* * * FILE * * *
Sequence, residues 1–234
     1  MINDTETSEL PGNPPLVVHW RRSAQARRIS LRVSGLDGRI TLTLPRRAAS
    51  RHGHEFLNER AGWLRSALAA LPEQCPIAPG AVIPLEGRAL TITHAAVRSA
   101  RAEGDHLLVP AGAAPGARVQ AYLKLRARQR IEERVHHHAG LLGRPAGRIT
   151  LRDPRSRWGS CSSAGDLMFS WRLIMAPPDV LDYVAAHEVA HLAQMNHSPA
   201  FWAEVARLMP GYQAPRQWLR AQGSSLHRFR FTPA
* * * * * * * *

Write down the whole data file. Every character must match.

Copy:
Sequence, residues 1–234
     1  MINDTETSEL PGNPPLVVHW RRSAQARRIS LRVSGLDGRI TLTLPRRAAS
    51  RHGHEFLNER AGWLRSALAA LPEQCPIAPG AVIPLEGRAL TITHAAVRSA
   101  RAEGDHLLVP AGAAPGARVQ AYLKLRARQR IEERVHHHAG LLGRPAGRIT
   151  LRDPRSRWGS CSSAGDLMFS WRLIMAPPDV LDYVAAHEVA HLAQMNHSPA
   201  FWAEVARLMP GYQAPRQWLR AQGSSLHRFR FTPA